Now, the day after, I’m trying to figure out what hammered me so much. I was at the brunch for maybe one hour 30 minutes. I’ve been to longer events before. Heck, the same group holds monthly bi board games, and I don’t typically come back hammered from those events. They easily last twice or three times as long as the time I spent at the bi brunch.

My top theory right now is that it is the combination of location, and having to socialize with an entire slew of newcomers that did me in. Some of them had been to the event before, but I had not met them. At any rate, this amounted to the same for me, since they were new to me. We were around 30 folks, if my math is accurate. There were a lot of conversations occurring all around me. My hearing ability is such that I easily get confused when there are too many conversations going all at once.

At first, I thought it was just the sheer number of people that did me in, but I don’t think so. I used to be able to go to conferences with many more people without any trouble. I’ve more recently been at events of easily over 100 people, without crashing afterwards. I think the difference is that at the conferences, and the recent events, I did not have to socialize. So it is having to socialize with so many people in a subpar location that is the problem.

I’ve crashed before like this, but I’ve never previously done a postmortem that takes my autism into account. This is the first time that I link the two. As I mentioned above, there is an involuntary aspect to my unmasking, and perhaps the fact that I have a harder time with social events is part of this involuntary unmasking.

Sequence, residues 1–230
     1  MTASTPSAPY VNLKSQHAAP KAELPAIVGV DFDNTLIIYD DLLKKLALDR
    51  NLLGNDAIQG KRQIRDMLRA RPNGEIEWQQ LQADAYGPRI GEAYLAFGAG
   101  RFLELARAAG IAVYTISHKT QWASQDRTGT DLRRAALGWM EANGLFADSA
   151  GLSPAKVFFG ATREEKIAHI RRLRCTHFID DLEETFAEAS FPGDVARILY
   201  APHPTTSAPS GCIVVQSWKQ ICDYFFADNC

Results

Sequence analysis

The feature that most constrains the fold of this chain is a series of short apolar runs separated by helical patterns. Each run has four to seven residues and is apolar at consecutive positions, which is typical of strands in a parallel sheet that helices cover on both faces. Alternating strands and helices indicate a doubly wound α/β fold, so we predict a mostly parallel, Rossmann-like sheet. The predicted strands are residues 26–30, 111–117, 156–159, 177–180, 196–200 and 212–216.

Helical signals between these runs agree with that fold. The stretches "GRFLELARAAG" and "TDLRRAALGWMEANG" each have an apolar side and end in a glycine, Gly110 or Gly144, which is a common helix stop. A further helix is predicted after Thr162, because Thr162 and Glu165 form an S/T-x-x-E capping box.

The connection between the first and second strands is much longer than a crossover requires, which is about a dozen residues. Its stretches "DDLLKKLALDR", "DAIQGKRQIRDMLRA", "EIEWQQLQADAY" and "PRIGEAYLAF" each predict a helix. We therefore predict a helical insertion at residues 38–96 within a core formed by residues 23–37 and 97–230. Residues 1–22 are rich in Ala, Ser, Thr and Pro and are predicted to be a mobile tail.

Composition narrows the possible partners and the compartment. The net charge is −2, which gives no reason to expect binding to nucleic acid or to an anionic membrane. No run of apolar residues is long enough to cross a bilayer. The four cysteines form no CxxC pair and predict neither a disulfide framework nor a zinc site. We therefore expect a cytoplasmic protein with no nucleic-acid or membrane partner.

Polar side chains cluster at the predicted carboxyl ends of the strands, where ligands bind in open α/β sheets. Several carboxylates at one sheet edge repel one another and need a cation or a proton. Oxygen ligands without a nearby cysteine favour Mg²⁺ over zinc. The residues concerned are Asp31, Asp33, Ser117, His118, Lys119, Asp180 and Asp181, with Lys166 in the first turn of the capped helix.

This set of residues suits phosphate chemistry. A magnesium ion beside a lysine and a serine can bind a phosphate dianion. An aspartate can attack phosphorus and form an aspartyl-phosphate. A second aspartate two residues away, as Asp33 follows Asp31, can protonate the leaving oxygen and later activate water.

What should I have done differently to avoid crashing? Maybe I shouldn’t have gone at all. For sure, if I had not gone, I wouldn’t have crashed. Still, I like to see people. So what should I have done at the event to avoid crashing. Maybe I should have taken one of the small booths to avoid the crowd. Also, at some point, there was a little voice in my head asking whether I should go back home early. I decided to ignore it, but maybe I should have listened to it.

I felt fine during the event, and I’m sure I appeared mostly fine to other people. This is the irony, if you will, of autism. You appear fine, but your nervous system is in overdrive, trying to process everything happening around you. It is later that you have to pay for the time that your nervous system was in overdrive.

Don’t get me wrong. I was glad to be there, but I’m trying to figure out how to have my fun without paying for it dearly afterwards. Being exhausted like I was after one hour and thirty minutes of socializing is not normal. How can I avoid this cost? That’s what I’m trying to figure out. I know that some of it is on me and my ability to listen to my own needs.

Now, I know that some of my neurodivergent siblings have an even harder time than I do with socializing. When you design events without taking our needs into account, you are effectively excluding us. I know that you are not deciding that autistic people are not welcome. However, through self-selection, autistic people decide to not go, and your community is the poorer for it.

I have an event today too. This one is for autistic people, and it is held in a conference room in a library. It will easily last twice as long as the event yesterday, but I expect to come out of it without crashing.


Posted

in

,

by

Comments

Leave a Reply

Your email address will not be published. Required fields are marked *